Feathers were flying all about our patio a few days ago – an oddity, to be sure. And the mystery, sadly, did not end well.
Tracing the trail of the downy residue, it didn’t take long for me to discover the source: a bird’s nest – once perched among the joists of our deck – now laying bottoms-up on the concrete pad nearby.
Underneath it, I discovered an even more disheartening scene: three dead chicks, now featherless, forlorn.
It surprised me to notice the emotions that stirred almost instantaneously – a sadness, a deep sense of waste washed over me, despite the fact that I had almost no vested interest in the chicks.
Sure, I’d seen the nest before, but had never noticed any small things stirring in it. And now, in death, the chicks had almost nothing to offer me – not even the satisfaction of knowing what species had inhabited our under-deck space.
So given all that, why the sense of loss?
Perhaps it had something to do with the seeming pointlessness of the killing. The three chicks died, but they’d not been eaten…so their short and insubstantial lives had not contributed all that much to the circle of life. And what kind of critter, I wondered, wrecked nests and plucked fledglings just for sport?
There was more than enough ugliness in the scene – ugliness enough to scar the simple beauty of springtime renewal otherwise bursting out all around me. I had to therefore somehow hold both realities in my heart at once – the splendor and the spitefulness.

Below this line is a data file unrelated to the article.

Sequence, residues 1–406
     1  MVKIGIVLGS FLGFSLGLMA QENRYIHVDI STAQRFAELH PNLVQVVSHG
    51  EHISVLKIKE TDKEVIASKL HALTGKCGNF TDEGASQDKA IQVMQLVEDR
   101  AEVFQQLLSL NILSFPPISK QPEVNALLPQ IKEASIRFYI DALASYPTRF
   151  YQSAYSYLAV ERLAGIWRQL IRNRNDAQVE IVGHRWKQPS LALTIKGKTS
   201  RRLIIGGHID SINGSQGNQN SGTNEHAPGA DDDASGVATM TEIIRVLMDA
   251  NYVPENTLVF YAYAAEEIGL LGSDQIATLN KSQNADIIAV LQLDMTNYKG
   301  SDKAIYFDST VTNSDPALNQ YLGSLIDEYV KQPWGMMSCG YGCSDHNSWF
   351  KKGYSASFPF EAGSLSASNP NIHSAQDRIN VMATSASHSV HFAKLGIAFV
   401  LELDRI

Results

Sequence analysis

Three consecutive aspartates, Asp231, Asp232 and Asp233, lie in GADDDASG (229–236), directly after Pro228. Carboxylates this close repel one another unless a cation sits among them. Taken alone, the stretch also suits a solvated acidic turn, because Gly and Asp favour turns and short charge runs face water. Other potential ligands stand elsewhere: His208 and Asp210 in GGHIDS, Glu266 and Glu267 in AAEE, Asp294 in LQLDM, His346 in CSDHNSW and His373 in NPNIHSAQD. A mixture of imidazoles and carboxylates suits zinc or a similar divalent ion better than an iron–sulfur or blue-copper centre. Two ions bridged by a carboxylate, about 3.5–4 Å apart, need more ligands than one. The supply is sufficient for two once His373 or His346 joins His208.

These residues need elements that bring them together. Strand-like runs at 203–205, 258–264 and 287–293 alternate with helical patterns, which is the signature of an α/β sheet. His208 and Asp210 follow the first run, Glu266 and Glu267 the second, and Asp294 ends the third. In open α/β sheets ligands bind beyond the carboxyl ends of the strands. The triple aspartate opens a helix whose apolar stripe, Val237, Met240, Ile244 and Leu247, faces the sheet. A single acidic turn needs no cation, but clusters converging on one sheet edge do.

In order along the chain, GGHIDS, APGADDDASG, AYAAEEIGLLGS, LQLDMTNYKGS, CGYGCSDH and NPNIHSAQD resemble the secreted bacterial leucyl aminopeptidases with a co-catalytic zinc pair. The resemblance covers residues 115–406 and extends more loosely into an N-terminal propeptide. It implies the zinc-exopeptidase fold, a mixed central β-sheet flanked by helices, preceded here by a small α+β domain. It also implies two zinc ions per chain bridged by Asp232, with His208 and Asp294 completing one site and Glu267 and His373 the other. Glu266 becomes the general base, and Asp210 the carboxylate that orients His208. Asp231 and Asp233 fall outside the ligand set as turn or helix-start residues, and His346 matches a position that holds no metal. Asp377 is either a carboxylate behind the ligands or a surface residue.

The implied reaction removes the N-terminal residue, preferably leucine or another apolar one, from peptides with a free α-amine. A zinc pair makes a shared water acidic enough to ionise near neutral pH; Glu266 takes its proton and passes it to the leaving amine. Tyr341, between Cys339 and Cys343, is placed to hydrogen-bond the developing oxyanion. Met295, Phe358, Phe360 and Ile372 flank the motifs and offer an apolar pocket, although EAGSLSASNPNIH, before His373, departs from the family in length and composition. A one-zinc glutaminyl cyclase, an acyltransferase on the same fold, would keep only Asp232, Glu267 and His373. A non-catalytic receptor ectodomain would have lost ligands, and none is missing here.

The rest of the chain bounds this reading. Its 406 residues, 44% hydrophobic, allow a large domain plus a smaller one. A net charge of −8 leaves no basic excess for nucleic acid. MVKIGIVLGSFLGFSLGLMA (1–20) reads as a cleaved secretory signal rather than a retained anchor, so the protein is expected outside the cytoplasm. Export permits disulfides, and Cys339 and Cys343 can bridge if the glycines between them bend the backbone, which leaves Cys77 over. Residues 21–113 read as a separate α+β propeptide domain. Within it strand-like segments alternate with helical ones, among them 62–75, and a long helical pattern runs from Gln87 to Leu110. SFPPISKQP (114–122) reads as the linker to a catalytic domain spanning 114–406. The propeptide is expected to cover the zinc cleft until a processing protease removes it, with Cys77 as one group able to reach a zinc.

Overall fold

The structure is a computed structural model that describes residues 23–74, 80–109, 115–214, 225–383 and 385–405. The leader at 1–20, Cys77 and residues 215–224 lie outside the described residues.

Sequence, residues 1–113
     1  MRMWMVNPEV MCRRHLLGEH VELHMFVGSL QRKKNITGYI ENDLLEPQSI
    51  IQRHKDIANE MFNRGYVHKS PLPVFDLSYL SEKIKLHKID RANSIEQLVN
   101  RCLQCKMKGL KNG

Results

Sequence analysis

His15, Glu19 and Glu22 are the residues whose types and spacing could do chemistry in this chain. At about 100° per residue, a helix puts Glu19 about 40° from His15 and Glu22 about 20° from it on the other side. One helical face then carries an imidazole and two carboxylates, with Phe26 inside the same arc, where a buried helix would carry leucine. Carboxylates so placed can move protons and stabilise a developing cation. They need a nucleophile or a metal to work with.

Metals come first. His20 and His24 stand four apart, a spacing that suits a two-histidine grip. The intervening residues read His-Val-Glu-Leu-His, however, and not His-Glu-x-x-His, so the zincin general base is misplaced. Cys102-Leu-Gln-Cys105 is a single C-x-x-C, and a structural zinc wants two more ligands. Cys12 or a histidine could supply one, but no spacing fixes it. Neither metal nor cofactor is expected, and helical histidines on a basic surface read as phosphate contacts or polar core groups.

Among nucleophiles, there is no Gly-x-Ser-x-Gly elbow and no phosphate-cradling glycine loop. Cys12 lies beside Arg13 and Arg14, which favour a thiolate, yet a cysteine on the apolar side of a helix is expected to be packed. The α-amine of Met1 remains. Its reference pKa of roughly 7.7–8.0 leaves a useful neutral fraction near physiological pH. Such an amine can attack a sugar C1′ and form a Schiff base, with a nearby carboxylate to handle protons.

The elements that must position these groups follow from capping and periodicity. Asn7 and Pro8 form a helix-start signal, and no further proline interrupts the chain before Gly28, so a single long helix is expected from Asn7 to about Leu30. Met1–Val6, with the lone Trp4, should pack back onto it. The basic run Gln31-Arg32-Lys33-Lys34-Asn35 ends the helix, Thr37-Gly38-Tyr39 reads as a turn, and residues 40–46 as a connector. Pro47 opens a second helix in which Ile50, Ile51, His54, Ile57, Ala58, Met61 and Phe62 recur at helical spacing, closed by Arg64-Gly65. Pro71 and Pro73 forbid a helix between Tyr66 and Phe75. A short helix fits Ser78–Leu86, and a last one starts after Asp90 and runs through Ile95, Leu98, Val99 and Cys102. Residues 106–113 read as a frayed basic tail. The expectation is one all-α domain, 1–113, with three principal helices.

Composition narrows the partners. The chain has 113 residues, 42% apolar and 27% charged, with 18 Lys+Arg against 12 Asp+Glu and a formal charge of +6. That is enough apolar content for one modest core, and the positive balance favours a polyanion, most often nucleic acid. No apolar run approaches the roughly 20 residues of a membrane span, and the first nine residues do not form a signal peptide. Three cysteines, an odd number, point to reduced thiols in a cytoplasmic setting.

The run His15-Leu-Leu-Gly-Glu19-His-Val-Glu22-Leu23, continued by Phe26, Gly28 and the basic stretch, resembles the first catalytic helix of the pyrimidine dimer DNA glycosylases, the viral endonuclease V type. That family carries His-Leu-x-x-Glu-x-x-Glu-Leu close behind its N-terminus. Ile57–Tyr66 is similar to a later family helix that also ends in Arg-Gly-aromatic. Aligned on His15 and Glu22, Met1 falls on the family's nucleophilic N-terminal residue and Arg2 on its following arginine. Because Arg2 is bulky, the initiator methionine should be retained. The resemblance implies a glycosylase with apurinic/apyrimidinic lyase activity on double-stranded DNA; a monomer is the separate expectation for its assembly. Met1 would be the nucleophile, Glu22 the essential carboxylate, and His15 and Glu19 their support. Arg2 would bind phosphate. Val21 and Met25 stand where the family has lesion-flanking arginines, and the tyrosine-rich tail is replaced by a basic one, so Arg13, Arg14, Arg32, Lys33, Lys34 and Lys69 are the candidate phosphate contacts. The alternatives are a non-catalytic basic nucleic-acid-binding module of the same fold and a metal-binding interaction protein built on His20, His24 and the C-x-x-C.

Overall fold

It is not a task I relish. But the more I think about it, the more it seems like an “Easter” sort of task to me – well-suited to a feast like the Ascension, when we mark the resurrected Christ’s bodily departure from earth. I see some of my own sense of loss in the reaction of the disciples…as they turn their wondering eyes toward the sky: “Why can’t the beauty remain?”
The counsel we receive from Jesus, though, is to learn to be content with the mystery:
“It is not for you to know the times or seasons that the Father has established by his own authority.”
Along with the mystery, Jesus offers an intriguing promise to cling to, as well:
“…you will receive power when the Holy Spirit comes upon you.”
This is a promise of life, surely, in a natural world too often scarred by seemingly pointless death and destruction. And so perhaps this is the season to lean into Jesus’ promise, praying “Come, Holy Spirit…come!”
Let us pause now…to recall that we are in the presence of the Holy & Merciful One.